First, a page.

It remains a challenge that the world still relies on coal, especially in the Asia-Pacific area. The solution is to expand renewables such as wind, solar and biogas. It is also recommended to consider gas as the efficient and most efficient intermediary solution to replace coal. Volatility and flexibility are also big issues for the developing country, even the energy security issue. To address these challenges, it’s imperative to explore flexible energy sources, larger-capacity and dispatchable sources. The interplay between flexibility and climate considerations will likely lead to the integration of hydrogen within the gas network.
Notably, Vietnam’s existing gas industry exploration and processing infrastructure present a unique opportunity to facilitate this transition. Mr. Ha also reminded the use of the gas industry infrastructure to adapt to the energy transition process in the developing country.
Catching up with the global trends, Vietnam has swiftly risen to become one of the leading countries with a significant share of renewable energy. The Vienamese government has already identified the pathway for green hydrogen, as highlighted in Resolution 55 and the recently approved National Power Development Plan (PDP8) which stressed not only the momentousness of the transition to hydrogen but also conditions to commercialize technology and make prices reasonable.
As green energy has solidified itself as an inevitable trend, funding is expected to increase. However, this growth is not devoid of risks. Potential delays in policy development are likely to occur, subsequently impeding the overall progress of the green hydrogen industry. The challenge lies in determining how we can effectively align resources – including financial, human, and technical resources – with the development of the green industry.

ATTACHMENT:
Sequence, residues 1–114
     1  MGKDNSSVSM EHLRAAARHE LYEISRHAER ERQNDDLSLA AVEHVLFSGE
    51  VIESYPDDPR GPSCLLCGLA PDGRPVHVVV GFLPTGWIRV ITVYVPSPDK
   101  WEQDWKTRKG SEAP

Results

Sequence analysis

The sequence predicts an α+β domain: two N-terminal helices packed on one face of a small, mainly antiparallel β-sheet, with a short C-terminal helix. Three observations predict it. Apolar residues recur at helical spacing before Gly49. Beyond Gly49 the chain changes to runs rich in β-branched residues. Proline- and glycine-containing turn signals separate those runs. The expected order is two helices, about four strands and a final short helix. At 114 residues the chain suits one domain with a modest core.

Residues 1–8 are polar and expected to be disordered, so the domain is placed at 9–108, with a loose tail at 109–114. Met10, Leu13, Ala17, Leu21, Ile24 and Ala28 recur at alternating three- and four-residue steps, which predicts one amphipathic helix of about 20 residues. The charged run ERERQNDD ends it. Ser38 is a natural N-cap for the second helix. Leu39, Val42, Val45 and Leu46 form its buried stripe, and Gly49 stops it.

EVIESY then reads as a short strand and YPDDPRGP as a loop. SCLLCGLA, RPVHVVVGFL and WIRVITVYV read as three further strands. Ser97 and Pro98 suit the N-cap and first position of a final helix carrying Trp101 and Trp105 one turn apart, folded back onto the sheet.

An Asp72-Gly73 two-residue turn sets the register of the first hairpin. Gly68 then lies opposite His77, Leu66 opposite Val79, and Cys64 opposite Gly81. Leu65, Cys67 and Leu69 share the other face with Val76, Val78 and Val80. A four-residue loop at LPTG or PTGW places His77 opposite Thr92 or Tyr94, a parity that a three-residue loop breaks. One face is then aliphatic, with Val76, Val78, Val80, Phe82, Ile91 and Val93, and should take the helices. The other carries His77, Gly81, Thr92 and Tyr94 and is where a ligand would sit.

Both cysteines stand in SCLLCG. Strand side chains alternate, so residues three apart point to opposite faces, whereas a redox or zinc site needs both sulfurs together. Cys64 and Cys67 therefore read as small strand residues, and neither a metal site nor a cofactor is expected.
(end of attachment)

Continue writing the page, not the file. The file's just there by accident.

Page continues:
“We got the available technology, the potential or the policy in place. But there are a lot of weaknesses with how we can realize those policies to something like roadmaps, strategy and specific policy and initiative to support the development of green hydrogen in the country”, said Mr. Ha, noting that international support and collaboration on technology transfer and financing are much needed.
In the Q&A section, Prof. Brandon emphasized the need to see the picture as a whole and to increase the scale of manufacturing. “Hydrogen is a system enabler… Therefore, we have to think about it in the system context. It’s not only about how we make it, but also how we move it, store it and use it as an energy carrier. And how that energy carrier interfaces, whether it’s with liquid fuels, ultimately made from hydrogen, or whether it’s with electricity”, said Prof. Brandon.
As for manufacturing scale, Prof. Brandon cited the lithium-ion battery which is the only electrochemical technology manufactured at a global scale today and also which has received huge investment, resulting in lower cost. There are similar opportunities for electrolyzers, fuel cells and flow batteries, given it receives a similar level of global investment.
Prof. Domen acknowledged the primitivity of his team’s approach on using photocatalysts and the direct water splitting reaction. A major hurdle is to develop the photocatalysts system which can achieve more than 5% solar to hydrogen energy conversion efficiency.
He repeated the need to produce green hydrogen at a low cost, eventually making it competitive to fossil resources. Meanwhile, many countries will keep using the fossil resources as long as the cost of those fossil resources is lower than the cost of other green hydrogen or other renewable energy resources. Desirable progress has been made in the US and Australia where green hydrogen can be generated now at relatively low cost.
“I read some reports that electrolytic hydrogen now costs about 5 to 7 USD/kilogram. And they have a plan to really look forward to eventually moving towards 1 USD/kilogram”, added Prof. Yam.
In the case of Vietnam, Mr. Ha noted that at the moment, the government still maintains a more stable and affordable energy price so that the poor people can still enjoy the energy at an affordable level. But with the adoption of green hydrogen, the cost of energy for different applications could be very high and no longer competitive.
Mr. Ha anticipated that a rapid shift might not materialize within a short span of time but probably from now until 2030 when there should be some revolution with the technology.
Indeed, a glimmer of positivity emerges in the EU countries or other developed countries where there exists a willingness among consumers to buy even more expensive green hydrogen, driven by a profound commitment to sustainability.